Since Grosvenor Square was first developed by Sir Richard Grosvenor in 1720, it has been one of London’s most attractive public spaces, with six acres of pristine lawns and encircling neo-Georgian houses and embassies.
A central statue to Franklin D Roosevelt and a 9/11 memorial garden are clues to the square’s long-standing connection to the United States. Not only has it housed the US embassy since 1938, but former President John Adams lived at No. 9, and it was the site of General Dwight D Eisenhower’s headquarters during the Second World War. After Lincoln’s Inn Fields, Grosvenor Square is the second largest square in London, and is both a pleasant and poignant place for a lunchtime stroll.
Mount Street Gardens
Shaded by London plane trees, dawn redwood trees and Canary Island date palms, a haven for birds such as robins and great tits, Mount Street Gardens is a peaceful sanctuary in the middle of the city, hidden behind red-brick mansion blocks and the neo-Gothic Church of the Immaculate Conception.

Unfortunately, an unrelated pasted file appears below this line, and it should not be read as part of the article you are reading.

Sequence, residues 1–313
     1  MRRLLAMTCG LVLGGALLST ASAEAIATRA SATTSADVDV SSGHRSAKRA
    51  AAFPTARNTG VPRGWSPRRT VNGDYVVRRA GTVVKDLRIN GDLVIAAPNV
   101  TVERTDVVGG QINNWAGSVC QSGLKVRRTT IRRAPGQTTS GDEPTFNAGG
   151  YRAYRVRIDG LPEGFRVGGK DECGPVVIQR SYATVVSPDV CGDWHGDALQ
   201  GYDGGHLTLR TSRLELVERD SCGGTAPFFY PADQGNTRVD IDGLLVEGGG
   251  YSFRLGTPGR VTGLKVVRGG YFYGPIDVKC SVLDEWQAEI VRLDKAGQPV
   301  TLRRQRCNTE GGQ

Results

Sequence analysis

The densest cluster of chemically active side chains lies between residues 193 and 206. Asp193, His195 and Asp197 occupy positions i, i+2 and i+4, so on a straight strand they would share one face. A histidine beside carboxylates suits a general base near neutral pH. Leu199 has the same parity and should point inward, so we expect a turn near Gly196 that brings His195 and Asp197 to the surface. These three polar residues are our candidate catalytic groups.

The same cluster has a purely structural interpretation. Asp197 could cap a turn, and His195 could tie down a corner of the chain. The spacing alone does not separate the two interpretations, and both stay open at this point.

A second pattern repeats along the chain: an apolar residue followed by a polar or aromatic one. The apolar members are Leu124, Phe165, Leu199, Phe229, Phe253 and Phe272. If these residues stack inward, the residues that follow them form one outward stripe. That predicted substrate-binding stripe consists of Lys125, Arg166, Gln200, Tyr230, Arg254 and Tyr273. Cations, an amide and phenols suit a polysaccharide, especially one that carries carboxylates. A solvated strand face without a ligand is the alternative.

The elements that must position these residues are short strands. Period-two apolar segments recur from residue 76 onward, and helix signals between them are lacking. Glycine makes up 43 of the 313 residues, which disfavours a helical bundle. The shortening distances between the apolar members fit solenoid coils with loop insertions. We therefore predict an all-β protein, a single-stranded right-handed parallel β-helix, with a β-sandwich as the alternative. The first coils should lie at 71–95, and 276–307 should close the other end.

There are plenty of benches on which to while away an hour or two in the gardens, all donated by or in memory of people who have loved the space throughout the years, and there’s a bronze drinking fountain in the shape of a rearing horse, designed by Sir Ernest George and Harold Peto. Mount Street Gardens won its first Green Flag in 2007-08 and has retained it since, and is widely regarded as one of the most important sites for nature conservation in London.
Brown Hart Gardens
Brown Hart Gardens, just off Duke Street, is one of the city’s best kept secrets: a raised paved terrace space that, at street level, you might never know existed. Located on the roof of the old Duke Street electricity substation, which was built between 1903–5 to the designs of C Stanley Peach, today the garden provides residents, shoppers and local office workers with a sunny, lofty space to escape the hustle and bustle of nearby Oxford Street, and it even has its own café – The Garden Café by Benugo.